Checkerspot on the news

Neil Jones Neil at
Tue May 9 11:59:44 EDT 2000

In article <3917ABDF.7BC338F9 at>
           niklas.wahlberg at "Niklas Wahlberg" writes:

Thanks for making these points they are very useful.

> Dear Leps-Listers,
>   To continue on the metapopulation theme, I would like to remind you
> that the spatial population structure of a species is not constant over
> its range. For instance the species that has been discussed in this
> thread (Euphydryas editha) has a so-called "mainland-island" population
> structure in the San Fransisco area (as was discussed by John and
> Patrick), whereas in the Sierra Nevada mountains the same species
> (albeit a different subspecies) has a more classical metapopulation
> structure (Thomas and Singer 1998). The main implication of this is that
> one can't really generalize _even within the same species_ without
> taking into account the local landscape structure.
>   Also touting numbers derived from models is not a good idea in
> practical conservation. Models allow us to get crucial insights into how
> Nature works, but the bottom line is that they are (usually extreme)
> simplifications of what really happens. This means that some factors
> that might have a large effect on the dynamics of natural populations
> may be missed out or wrongly modelled.

Yes, Of course the numbers are not exact. I was wrong not to have followed
the simplification with the proviso that the models specified an exacting
and "perfect" case which will differ in real life. This is due to things we
cannot allow for. I usually do when I am explaining it to people as I did the
last time I quoted it here.
I try to put things so that the ordinary layman lepidopterist, who is not
into reading long complicated books and papers full of mathematics, can 
understand them. "3 times the Square root" is problably complicated enough.
It is not that people are stupid it is just that mathematics can frighten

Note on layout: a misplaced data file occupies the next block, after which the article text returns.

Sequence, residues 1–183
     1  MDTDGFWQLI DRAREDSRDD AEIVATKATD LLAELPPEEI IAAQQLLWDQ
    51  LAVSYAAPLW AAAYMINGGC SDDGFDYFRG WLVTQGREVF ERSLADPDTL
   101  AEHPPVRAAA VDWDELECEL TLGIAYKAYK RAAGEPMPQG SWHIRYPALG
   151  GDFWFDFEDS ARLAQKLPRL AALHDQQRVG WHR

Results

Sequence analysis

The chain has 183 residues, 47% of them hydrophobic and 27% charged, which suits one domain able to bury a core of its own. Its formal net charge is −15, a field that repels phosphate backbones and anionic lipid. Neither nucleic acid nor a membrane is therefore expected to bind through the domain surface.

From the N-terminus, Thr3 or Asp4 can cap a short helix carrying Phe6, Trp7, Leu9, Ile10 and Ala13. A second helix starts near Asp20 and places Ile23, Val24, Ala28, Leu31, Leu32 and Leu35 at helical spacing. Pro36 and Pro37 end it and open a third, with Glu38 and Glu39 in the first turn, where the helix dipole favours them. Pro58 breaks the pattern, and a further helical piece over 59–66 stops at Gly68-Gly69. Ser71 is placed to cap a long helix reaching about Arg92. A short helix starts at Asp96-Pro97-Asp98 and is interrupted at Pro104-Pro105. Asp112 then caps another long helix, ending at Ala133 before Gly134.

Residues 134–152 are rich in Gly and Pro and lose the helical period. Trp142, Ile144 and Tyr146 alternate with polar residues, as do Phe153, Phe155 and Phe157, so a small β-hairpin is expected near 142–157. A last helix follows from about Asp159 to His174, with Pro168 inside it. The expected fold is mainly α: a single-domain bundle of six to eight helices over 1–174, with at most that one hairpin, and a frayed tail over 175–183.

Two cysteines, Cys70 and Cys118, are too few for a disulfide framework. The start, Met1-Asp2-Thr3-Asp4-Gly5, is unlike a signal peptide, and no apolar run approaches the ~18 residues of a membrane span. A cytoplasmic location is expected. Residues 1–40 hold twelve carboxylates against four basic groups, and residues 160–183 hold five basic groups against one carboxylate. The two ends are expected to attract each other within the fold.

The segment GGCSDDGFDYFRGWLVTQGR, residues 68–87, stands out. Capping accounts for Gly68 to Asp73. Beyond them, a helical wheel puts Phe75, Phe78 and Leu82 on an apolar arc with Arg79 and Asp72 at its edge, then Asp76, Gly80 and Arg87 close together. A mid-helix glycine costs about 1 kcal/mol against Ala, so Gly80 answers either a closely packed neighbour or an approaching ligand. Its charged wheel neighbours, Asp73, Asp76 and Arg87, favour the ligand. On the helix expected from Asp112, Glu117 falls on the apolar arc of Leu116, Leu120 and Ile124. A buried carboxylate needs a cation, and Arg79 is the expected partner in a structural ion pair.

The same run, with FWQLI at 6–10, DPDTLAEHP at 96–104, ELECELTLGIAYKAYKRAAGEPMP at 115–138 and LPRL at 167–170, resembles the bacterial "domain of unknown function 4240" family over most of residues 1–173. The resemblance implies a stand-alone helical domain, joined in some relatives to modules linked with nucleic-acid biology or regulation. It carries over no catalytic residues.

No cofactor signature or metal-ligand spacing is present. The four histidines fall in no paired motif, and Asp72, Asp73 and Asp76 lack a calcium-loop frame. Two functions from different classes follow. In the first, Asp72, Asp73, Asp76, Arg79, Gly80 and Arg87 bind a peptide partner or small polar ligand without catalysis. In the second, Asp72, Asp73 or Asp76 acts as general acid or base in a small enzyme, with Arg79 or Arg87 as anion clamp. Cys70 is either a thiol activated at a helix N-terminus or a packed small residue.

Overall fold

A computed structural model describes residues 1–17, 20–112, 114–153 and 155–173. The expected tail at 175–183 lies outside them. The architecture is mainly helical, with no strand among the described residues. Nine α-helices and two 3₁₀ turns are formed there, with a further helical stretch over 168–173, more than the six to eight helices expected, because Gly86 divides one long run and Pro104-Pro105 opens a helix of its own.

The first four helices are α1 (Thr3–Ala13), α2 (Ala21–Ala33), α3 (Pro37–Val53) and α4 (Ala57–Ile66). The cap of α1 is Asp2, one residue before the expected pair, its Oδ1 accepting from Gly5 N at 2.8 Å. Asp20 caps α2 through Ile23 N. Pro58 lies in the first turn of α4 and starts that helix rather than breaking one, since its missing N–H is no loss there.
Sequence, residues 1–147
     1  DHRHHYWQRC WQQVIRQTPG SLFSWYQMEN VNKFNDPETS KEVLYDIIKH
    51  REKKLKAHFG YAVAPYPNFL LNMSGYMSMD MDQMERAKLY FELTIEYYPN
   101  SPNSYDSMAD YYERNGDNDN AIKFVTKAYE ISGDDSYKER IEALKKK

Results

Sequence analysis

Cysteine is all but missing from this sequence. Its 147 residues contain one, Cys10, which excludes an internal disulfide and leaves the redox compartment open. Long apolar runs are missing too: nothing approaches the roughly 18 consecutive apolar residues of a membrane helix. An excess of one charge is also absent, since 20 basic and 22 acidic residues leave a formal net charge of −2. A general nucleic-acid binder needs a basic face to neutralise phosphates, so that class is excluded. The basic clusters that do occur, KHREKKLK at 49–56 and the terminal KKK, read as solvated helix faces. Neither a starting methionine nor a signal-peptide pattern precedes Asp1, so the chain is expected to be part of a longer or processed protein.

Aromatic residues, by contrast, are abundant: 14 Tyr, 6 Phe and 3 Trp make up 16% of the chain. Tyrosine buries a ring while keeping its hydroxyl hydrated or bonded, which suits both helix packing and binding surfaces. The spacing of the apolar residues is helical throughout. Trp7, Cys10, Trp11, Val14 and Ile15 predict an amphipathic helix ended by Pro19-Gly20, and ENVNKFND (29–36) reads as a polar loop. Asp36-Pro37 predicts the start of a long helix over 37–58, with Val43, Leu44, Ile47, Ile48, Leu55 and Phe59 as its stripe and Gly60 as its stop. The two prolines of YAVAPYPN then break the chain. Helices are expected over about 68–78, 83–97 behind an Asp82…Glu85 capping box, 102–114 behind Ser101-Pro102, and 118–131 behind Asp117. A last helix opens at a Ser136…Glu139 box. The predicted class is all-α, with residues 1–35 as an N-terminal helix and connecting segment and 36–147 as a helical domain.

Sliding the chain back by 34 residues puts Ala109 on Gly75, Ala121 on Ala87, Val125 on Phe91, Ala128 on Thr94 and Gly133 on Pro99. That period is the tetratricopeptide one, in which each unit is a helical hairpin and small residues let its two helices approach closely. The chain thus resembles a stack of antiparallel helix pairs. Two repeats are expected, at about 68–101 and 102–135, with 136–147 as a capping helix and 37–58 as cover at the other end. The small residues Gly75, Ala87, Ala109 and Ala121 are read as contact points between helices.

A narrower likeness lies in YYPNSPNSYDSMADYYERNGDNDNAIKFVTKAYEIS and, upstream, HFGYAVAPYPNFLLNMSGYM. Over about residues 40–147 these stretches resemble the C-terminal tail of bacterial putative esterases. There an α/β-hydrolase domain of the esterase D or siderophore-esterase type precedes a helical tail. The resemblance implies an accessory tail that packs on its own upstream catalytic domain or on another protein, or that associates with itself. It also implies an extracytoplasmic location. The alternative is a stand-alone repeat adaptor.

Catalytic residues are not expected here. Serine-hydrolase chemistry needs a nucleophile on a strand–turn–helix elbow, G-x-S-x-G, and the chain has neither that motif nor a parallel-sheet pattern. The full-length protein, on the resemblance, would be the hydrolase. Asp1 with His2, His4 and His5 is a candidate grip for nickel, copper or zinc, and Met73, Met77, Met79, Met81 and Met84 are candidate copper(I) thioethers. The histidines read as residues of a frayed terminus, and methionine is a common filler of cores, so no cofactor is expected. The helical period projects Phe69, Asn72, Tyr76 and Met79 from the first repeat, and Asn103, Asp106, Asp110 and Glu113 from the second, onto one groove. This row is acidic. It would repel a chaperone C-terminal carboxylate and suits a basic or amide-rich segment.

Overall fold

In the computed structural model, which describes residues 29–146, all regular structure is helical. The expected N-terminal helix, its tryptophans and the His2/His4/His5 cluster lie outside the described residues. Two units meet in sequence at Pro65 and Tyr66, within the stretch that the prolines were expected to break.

I regularly have to get this point across to keen naturalists who don't
have a background in  mathematics so I try to put it simply.
To give you an example which I might have mentioned before. I was once
trying to convince a British Planning Inspector about the need to conserve
empty habitat patches. He was deciding on the building of a new
road which might impact on the habitat of  the Marsh Fritillary.
E. aurinia. I used the single equation  dP/dt=cP(1-p)-eP.

His repsonse was to ask in a "posh educated" voice.
"Is that an equals sign or a proportional to sign?" 

> The best example that is still
> hanging is how to incorporate environmental stochasticity into our
> models. We all know that the meteorologists have difficulties in
> predicting the weather next month, so how can we rely on the
> quantitative predictions of our models that are usually run for hundreds
> or thousands of "generations"?!
>    Nevertheless, I think that the concept of metapopulations has brought
> much to conservation. A good rule of thumb is that suitable habitat that
> does not have a certain species is as important as habitat that does
> have the species. We've been studying a relative of E. editha, Melitaea
> cinxia, for the past 7 years here in Finland. In a patch network of
> several thousand suitable habitat patches there have been several
> hundred local populations each year. All but a handful have gone extinct
> _at least_ once during the study period (read all about it in Hanski
> 1999, Metapopulation Ecology.). This, I think, underlines the importance
> of habitat that is empty today. It might not be tomorrow.
> Cheers,
> Niklas

Yes, That is exactly what I was saying empty habitat MUST be conserved.
Thanks for putting this argument across. It is VERY important.

Neil Jones- Neil at
"At some point I had to stand up and be counted. Who speaks for the
butterflies?" Andrew Lees - The quotation on his memorial at Crymlyn Bog
National Nature Reserve

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